RUN yarn rw build api

# Migrate database
RUN yarn rw db up --no-db-client --auto-approve

# Seed database
RUN yarn rw db seed

# Clean up
RUN rm -rf ./api/src

# Set api as workdirectory
WORKDIR /app/api

# Expose RedwoodJS api port
EXPOSE 8911

# Entrypoint to @redwoodjs/api-server binary
ENTRYPOINT [ "yarn", "api-server", "--functions", "./dist/functions", "--port", "8911", "--routePrefix", "/api" ]

web/Dockerfile

###################################################################################################################
# Builder: node
###################################################################################################################

FROM node:12 as builder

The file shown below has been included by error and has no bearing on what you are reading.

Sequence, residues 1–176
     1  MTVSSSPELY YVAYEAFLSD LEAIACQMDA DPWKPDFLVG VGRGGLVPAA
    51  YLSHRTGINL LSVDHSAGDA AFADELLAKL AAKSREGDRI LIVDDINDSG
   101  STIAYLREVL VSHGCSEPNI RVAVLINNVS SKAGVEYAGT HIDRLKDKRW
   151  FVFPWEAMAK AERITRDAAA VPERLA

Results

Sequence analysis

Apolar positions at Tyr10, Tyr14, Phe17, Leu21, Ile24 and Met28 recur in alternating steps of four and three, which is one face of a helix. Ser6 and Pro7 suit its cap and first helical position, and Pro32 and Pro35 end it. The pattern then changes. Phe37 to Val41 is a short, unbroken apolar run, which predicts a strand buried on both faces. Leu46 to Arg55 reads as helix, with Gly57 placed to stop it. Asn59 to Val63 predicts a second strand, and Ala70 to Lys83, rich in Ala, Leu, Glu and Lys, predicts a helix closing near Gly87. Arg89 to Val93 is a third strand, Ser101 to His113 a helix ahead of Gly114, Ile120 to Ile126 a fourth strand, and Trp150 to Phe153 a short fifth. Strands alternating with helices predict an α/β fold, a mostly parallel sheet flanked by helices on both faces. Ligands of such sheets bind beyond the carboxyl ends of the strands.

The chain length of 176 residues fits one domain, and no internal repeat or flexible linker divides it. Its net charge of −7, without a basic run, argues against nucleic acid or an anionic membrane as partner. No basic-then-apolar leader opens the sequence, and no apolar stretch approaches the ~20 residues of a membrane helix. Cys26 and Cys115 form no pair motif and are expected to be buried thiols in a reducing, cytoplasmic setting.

# Node
ARG NODE_ENV
ARG RUNTIME_ENV

ENV NODE_ENV=$NODE_ENV
ENV RUNTIME_ENV=$RUNTIME_ENV

# Application specific (Azure Active Directory authentication)
ARG AZURE_ACTIVE_DIRECTORY_CLIENT_ID
ARG AZURE_ACTIVE_DIRECTORY_AUTHORITY
ARG AZURE_ACTIVE_DIRECTORY_REDIRECT_URI
ARG AZURE_ACTIVE_DIRECTORY_LOGOUT_REDIRECT_URI

ENV AZURE_ACTIVE_DIRECTORY_CLIENT_ID=$AZURE_ACTIVE_DIRECTORY_CLIENT_ID
ENV AZURE_ACTIVE_DIRECTORY_AUTHORITY=$AZURE_ACTIVE_DIRECTORY_AUTHORITY
ENV AZURE_ACTIVE_DIRECTORY_REDIRECT_URI=$AZURE_ACTIVE_DIRECTORY_REDIRECT_URI
ENV AZURE_ACTIVE_DIRECTORY_LOGOUT_REDIRECT_URI=$AZURE_ACTIVE_DIRECTORY_LOGOUT_REDIRECT_URIv

# Set workdir
WORKDIR /app

#COPY api .
COPY web web
COPY .nvmrc .
COPY babel.config.js .
COPY graphql.config.js .
COPY package.json .
COPY redwood.toml .
COPY yarn.lock .

# Install dependencies
RUN yarn install --frozen-lockfile

# Build
RUN yarn rw build web

# Clean up
RUN rm -rf ./web/src

###################################################################################################################
# Runner: Nginx